A photo Joel Crookston ’06 took of his voting ballot that he posted to Facebook. Steve Klein | Courtesy.

Two Hillsdale College alumni have upped the ante in their lawsuit to overturn Michigan’s pro­hi­bition of “ballot selfies.”

Plaintiff Joel Crookston ’06 and Steve Klein ’05, his attorney, filed a motion to reply on Monday in their fight to amend a com­plaint they filed a year ago against Michigan election rules that pro­hibit people from pho­tographing a marked ballot. The amended com­plaint would not only argue the ban on ballot pho­tographs — which carries a maximum pun­ishment of 90 days in jail, a $500 fine, and for­feiting one’s ballot — is a vio­lation of free speech, but of voting rights, too.

“Because there’s no trial, there’s no appeal, the pun­ishment can just be dealt by the poll workers, and you have no due process,” Klein told The Collegian.

Klein — an attorney for the Pillar of Law Institute in Wash­ington, D.C. — and Crookston, who works in phar­ma­ceu­ticals and as a DJ, are seeking to amend the lawsuit after a depo­sition on July 14 revealed that poll workers have used Michigan’s ballot for­feiture rule to reject ballots from being counted before.

Ottawa County Clerk Justin Roebuck ’06, a former classmate of Crookston and Klein, tes­tified as an expert witness on behalf the state of Michigan on the enforcement of the rules. In the depo­sition, Roebuck recalled that while he served as Ottawa County’s election coor­di­nator, a “defiant voter” was showing his ballot to others, according to the depo­sition tran­script. After he refused to conceal the ballot, he had to forfeit his vote. The indi­vidual was not taking photographs.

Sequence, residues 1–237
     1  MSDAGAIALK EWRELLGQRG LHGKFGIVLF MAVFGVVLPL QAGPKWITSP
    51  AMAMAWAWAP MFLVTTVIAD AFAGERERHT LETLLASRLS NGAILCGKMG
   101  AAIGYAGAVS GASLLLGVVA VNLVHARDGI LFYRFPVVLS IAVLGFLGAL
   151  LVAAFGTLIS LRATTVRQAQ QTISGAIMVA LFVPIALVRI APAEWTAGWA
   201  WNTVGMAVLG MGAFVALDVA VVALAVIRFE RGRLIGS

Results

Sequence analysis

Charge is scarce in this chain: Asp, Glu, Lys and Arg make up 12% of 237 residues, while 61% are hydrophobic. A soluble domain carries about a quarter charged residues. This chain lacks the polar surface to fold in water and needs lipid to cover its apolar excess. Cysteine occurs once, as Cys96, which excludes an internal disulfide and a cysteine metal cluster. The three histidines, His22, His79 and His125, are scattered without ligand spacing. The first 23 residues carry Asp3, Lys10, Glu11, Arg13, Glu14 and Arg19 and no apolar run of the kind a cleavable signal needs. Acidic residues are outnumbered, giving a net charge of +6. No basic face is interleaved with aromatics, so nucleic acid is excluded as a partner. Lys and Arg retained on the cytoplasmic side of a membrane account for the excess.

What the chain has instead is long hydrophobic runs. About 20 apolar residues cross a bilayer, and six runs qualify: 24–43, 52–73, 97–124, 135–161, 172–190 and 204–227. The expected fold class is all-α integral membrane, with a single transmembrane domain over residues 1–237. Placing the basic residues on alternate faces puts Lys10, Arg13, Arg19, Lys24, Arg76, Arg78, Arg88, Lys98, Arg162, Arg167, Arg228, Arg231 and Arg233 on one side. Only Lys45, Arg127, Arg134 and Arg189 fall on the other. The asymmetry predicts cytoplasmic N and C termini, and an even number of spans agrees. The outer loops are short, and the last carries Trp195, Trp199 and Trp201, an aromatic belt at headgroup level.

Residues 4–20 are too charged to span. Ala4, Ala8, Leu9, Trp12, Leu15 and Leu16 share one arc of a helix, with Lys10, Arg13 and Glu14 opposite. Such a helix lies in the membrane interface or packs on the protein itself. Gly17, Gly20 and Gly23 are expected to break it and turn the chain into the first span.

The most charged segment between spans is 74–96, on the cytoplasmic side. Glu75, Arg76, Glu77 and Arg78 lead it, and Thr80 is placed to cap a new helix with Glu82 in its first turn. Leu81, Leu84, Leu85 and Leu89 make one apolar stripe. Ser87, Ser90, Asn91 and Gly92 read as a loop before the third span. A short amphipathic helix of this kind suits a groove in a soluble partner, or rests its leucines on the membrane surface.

“Because Justin laid that out so clearly, that was the first time we finally had a clear under­standing of how this law actually works and how this would affect Joel, our client, if he were to do this not just in terms of free speech but voting rights,” Klein said.

Roebuck, however, said he worries a change in rules actually will threaten voters’ rights. Taking photos of other voters at the poll may violate their privacy. People may also use ballot selfies to coerce cit­izens to vote a certain way with the pho­to­graph pro­viding proof. Avoiding such pressure was the original reason for the law, he said.

“I do not see the ballot exposure law as a vio­lation of freedom of speech,” he said. “The act of voting is an expression of freedom speech, but when you begin allowing others to come into a place that has always been sacred, that’s always been private at least since the 1890s when we intro­duced the secret ballot method in Michigan elec­tions, that’s really a cor­ner­stone of the voting rights act itself.”

He added that voters can take photos outside of the polling location and with their “I Voted” sticker.

Crookston and Klein filed the amendment on Aug. 21. The state of Michigan, however, is arguing the filing was delayed and is now too late.

“By lawyer stan­dards, you could not go any faster,” Klein said, adding he hopes to see the pro­posal adopted in about two months.